The G600 uses the Logitech Gaming Software suite, which will auto-detect the hardware when plugged in. You’ll then have the option of switching between modes to program the G600 with: On-Board Memory or Automatic Game Detection. Though you may be familiar with the terms, they go a bit deeper in regards to the actions available to program with. Depending on how you want to use the mouse, on-board or with application-specific actions, you’ll have different options available to you as you navigate the rest of the software. To put it simply, Automatic Game Detection (AGD) mode will give you more options when assigning actions to buttons, since using this mode assumes you will have the application-specific commands available to you. On-board assumes you’ll be roaming to computers that may or may not have those applications installed, so they aren’t available. I’ll go into this a little more in depth, but for now an example is an action available in AGD mode for Ventrilo push-to-talk.
The first ‘tab’, which are switched between using icons in the buttons right half of the software, is used to customize buttons, and therefore where much of the meat is. In both modes, you’ll see a graphical representation of the thumb bank as well as an above shot of the G600, which text bubbles displaying the currently selected action. In the On-Board mode, you click on the desired button for a drop down list of available actions of Edit, Use Generic, or Unassign. The Edit option will allow you to assign the button with predefined mouse functions or keystrokes, or set your single keystroke. If you want to set a stroke with multiple keys, such as a macro, you’ll have to switch to AGD mode.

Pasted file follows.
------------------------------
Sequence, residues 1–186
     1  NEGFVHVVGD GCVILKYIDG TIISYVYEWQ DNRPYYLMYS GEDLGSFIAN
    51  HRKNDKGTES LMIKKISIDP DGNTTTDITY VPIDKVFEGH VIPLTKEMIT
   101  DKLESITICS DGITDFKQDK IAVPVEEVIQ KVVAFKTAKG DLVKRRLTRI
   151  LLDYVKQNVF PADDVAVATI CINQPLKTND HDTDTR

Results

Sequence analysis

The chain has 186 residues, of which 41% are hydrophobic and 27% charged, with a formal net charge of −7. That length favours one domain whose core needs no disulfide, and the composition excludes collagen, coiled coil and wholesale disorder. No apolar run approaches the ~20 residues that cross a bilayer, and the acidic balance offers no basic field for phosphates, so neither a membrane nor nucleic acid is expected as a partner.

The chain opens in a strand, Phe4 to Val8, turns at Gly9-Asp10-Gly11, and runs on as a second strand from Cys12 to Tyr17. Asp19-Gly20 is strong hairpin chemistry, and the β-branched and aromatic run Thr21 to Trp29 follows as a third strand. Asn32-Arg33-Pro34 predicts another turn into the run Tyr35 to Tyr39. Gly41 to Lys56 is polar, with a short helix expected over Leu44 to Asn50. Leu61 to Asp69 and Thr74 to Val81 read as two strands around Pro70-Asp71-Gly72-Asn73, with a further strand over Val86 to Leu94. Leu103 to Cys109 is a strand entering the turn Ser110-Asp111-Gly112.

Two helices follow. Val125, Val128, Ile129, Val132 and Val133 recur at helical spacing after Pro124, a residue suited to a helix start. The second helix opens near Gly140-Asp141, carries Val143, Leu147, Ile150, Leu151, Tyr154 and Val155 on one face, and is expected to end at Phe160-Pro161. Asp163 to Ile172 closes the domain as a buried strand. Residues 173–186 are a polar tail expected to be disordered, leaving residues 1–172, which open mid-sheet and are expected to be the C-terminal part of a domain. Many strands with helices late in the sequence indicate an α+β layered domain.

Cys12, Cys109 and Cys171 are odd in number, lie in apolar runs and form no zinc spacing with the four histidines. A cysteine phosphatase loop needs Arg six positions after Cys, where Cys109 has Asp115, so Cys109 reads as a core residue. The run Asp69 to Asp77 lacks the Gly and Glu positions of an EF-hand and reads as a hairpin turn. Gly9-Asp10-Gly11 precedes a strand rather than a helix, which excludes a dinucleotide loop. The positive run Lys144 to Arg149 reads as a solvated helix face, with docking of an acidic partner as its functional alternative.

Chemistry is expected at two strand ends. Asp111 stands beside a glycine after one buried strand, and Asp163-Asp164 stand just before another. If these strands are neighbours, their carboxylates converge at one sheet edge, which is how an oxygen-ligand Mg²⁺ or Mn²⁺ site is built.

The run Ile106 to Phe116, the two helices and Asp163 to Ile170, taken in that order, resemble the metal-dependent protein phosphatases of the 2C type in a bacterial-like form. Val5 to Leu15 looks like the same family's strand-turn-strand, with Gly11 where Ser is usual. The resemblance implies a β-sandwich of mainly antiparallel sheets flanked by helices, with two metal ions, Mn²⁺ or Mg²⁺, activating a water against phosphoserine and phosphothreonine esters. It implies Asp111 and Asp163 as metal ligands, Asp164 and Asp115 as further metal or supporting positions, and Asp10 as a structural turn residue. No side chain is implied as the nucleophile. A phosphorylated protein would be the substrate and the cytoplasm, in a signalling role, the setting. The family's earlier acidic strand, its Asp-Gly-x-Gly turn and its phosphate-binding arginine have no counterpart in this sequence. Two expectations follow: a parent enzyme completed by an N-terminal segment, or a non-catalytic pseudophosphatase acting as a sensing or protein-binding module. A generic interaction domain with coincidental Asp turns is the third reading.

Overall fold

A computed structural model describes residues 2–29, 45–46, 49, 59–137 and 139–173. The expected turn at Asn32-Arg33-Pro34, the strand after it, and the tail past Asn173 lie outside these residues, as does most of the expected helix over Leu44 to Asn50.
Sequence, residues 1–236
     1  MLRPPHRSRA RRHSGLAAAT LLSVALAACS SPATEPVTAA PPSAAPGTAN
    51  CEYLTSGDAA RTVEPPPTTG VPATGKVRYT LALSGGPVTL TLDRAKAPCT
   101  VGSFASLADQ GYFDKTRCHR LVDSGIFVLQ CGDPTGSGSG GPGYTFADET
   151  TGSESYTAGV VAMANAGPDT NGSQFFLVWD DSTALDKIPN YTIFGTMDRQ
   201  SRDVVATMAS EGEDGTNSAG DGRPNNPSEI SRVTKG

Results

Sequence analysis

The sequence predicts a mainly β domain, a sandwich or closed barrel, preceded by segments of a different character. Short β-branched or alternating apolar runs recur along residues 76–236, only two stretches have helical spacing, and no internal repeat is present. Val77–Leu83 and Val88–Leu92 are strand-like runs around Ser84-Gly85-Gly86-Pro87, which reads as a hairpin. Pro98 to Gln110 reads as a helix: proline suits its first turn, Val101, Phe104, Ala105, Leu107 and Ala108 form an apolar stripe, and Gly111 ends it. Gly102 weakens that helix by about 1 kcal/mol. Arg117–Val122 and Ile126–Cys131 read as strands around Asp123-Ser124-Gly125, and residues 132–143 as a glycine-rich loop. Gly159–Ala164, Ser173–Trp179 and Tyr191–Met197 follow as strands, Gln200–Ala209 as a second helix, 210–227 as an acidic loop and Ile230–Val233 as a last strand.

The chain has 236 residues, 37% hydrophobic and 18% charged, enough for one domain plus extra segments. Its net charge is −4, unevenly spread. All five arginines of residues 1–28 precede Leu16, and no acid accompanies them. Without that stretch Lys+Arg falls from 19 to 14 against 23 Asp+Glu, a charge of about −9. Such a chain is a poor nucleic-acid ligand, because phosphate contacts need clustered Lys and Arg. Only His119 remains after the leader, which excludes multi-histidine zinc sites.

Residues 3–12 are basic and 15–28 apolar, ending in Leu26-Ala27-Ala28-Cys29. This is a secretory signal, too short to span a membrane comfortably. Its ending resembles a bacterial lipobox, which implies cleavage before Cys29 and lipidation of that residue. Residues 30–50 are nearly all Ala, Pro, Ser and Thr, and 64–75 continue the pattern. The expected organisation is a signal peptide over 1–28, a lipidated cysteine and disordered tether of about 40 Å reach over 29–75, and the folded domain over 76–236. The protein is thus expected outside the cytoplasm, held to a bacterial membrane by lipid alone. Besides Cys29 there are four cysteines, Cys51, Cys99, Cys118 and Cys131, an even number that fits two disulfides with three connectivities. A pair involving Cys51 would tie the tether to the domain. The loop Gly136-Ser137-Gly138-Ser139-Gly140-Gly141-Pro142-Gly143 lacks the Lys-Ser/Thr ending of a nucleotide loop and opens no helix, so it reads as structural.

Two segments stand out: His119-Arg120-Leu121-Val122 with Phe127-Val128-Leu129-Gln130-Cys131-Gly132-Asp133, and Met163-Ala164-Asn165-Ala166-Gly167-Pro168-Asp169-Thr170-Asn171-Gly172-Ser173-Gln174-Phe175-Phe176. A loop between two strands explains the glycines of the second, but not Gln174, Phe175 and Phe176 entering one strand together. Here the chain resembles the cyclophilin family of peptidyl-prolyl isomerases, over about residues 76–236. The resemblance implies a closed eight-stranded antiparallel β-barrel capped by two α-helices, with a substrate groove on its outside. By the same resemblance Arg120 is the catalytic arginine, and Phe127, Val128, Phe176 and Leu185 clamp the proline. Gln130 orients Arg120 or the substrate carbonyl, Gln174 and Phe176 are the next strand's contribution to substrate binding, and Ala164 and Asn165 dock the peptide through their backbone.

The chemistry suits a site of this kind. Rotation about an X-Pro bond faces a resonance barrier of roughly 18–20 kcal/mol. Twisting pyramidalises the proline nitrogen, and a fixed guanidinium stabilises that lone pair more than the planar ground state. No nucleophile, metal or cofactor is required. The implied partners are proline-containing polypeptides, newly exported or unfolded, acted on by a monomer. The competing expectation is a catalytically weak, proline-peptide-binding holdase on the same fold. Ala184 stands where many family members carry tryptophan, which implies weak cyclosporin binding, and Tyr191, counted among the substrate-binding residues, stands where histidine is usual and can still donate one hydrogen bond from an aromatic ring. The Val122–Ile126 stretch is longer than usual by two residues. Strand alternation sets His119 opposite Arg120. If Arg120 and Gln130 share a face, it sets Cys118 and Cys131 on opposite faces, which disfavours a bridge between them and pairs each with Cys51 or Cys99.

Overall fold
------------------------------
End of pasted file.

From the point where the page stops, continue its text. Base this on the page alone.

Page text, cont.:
You can see two extra windows with the AGD version selected. Profiles is pretty self explanatory, with the ability to save and import up to six profiles. The Commands window has some default values created already, essentially commands that will have been set to the mouse by factory default: numeric keys, back and forward, left and right click, etc. Clicking on the plus symbol of the Command window will open the Command Editor, which will allow you to add variety of commands to the main Command bank. Most categories are straightforward, but a few to point out are the Text Block, Media, Hotkey, Shortcut, Function, and Ventrilo options. Once added to the Commands bank, you’ll be able to drag the action onto the desired key.
The next category, Pointer Settings, is pretty similar between both modes, though AGD does offer a little more customization. Both allow multiple levels of DPI sensitivity, four levels for on-board memory and five for AGD mode. Assigning the default and the shift values is as easy as toggling above the graph, which provides a graphical representation of the levels you choose. The report rate is also available, from 1000 to 125 for legacy support. AGD provides Advanced options such as Separating DPI X and Y axis and enhanced pointer precision.
The final category is lighting, which is identical between both modes. Here you can customize the G600’s RGB colors with 16 million possibilities via a color wheel, value slider, or a preset palette. The intensity of the glow can be adjusted, as well as the effect (cycle or pulse) and the rate at which it takes place. Another neat feature is the lighting sleep timer, which will turn off after a set time of inactivity.